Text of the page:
Rest In Paradise: The Iconic Legacy Of Phife Dawg

at 4:15 pm | By

Hip hop awoke with a heavy heart earlier this morning, as one of their beloved icons, Phife Dawg, reportedly passed away. While details of his sudden death are still unknown, many hip hop artists and influencers have spoken out about his legacy, wishing him well after suffering from many health issues. Phife was a key member of the pioneer hip hop group, A Tribe Called Quest, and contributed a unique cadence, swag, and rhyming ability to the culture for almost three decades before his passing. Today, we honor him by looking back at his life and legacy.

phife dawg

Credit: Andrew H. Walker/Getty Images

Read more on Phife Dawg’s legacy on the following pages.

A Tribe Called Quest era

A Tribe Called Quest In Concert – New York, NY

Credit: Dave Kotinsky/Getty Images

Phife Dawg, Q-Tip, Ali Shaheed Muhammad, and Jarobi came together to form the highly influential hip hop group, A Tribe Called Quest that was formed in 1985. The group released their debut album, People’s Instinctive Travels and the Paths of Rhythm, in 1990, with Phife increasing his contributions to the group’s sound and swag. He took on multiple nicknames that stemmed from his passion for rapping about social issues including “The Five Foot Assassin.” Over time, the group eventually disbanded after their last album in 1998, The Love Movement, as a result of disagreements amongst members. Phife and Q-Tip had a falling out that was carried into the group’s reunion at a performance in 2008. The group eventually reunited again, with both Tip and Phife, this past year, for the 25th anniversary of their debut album.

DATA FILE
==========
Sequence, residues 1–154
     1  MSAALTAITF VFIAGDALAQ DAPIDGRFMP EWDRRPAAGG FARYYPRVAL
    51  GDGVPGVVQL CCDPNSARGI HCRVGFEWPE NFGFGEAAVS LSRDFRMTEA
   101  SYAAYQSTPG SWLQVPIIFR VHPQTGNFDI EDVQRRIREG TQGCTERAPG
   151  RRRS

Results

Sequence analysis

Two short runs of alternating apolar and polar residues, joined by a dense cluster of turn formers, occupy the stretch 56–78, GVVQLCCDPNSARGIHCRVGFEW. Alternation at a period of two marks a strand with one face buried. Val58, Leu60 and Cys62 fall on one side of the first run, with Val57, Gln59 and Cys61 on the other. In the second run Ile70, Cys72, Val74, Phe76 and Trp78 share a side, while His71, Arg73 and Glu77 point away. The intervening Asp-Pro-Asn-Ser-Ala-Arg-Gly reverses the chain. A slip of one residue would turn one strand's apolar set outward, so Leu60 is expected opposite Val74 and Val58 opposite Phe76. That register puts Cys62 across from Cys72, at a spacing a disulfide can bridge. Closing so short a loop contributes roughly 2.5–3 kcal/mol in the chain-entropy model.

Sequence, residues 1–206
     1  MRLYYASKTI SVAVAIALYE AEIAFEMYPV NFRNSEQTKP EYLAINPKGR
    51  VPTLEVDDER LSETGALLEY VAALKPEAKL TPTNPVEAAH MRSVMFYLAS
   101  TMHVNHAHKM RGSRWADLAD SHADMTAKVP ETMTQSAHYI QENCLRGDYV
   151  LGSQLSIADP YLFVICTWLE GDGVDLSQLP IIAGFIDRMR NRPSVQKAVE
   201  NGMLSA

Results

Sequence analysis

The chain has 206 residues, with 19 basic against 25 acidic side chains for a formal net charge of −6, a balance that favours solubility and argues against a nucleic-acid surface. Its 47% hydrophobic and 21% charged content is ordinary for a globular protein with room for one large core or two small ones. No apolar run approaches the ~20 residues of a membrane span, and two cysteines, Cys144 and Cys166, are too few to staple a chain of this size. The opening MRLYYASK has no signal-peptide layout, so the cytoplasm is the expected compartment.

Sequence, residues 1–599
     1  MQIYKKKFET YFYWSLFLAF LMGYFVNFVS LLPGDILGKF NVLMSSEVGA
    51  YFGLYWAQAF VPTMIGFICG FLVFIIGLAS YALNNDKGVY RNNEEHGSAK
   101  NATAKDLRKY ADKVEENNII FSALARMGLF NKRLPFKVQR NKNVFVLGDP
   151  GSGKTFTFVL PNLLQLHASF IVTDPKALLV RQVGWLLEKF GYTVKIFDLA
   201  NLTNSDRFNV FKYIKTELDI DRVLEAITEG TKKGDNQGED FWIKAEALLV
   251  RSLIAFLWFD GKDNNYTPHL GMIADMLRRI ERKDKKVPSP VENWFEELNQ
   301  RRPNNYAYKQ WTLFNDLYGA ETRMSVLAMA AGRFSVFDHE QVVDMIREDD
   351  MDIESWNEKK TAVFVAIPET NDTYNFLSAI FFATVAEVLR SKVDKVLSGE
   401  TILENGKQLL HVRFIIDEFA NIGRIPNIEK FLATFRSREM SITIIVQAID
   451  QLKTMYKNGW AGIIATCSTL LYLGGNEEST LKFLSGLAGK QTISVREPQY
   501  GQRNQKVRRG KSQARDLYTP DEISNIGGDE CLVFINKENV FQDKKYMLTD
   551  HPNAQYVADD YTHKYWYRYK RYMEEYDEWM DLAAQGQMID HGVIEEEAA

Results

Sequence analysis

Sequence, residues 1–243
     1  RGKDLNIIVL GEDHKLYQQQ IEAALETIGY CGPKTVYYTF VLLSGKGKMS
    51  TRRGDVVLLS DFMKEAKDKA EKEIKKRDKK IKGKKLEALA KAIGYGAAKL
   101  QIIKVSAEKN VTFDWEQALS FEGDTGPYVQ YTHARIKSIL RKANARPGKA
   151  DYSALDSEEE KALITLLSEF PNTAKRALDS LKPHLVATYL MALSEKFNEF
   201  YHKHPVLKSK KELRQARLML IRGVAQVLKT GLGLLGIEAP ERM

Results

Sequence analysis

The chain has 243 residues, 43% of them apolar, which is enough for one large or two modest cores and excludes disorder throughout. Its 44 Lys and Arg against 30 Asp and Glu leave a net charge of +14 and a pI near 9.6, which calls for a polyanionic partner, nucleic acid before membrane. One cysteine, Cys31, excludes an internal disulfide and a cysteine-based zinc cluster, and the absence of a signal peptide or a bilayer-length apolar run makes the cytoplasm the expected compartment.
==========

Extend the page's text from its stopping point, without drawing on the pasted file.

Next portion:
His rhyming ability

BET Hip Hop Awards 2012 – Audience and Show

Credit: Chris McKay/Getty Images

Phife Dawg’s rhyming ability set him apart from a lot of MC’s back in the days, and is considered one of the pioneers of transitioning rap from the 80’s sound into the nitty and grittier 90’s sound everyone came to hear. He was also labeled as having a “self-deprecating swagger.” His rhymes and sound helped the “macho posturing” hip hop culture in the golden era. Being that the group was known for infusing jazz into their production, it set up a unique way of them to discuss political and social issues on top of being dope Mc’s. Phife carried different nicknames with him throughout his career, including “The Funky Diabetic,” “The Five Footer” and more.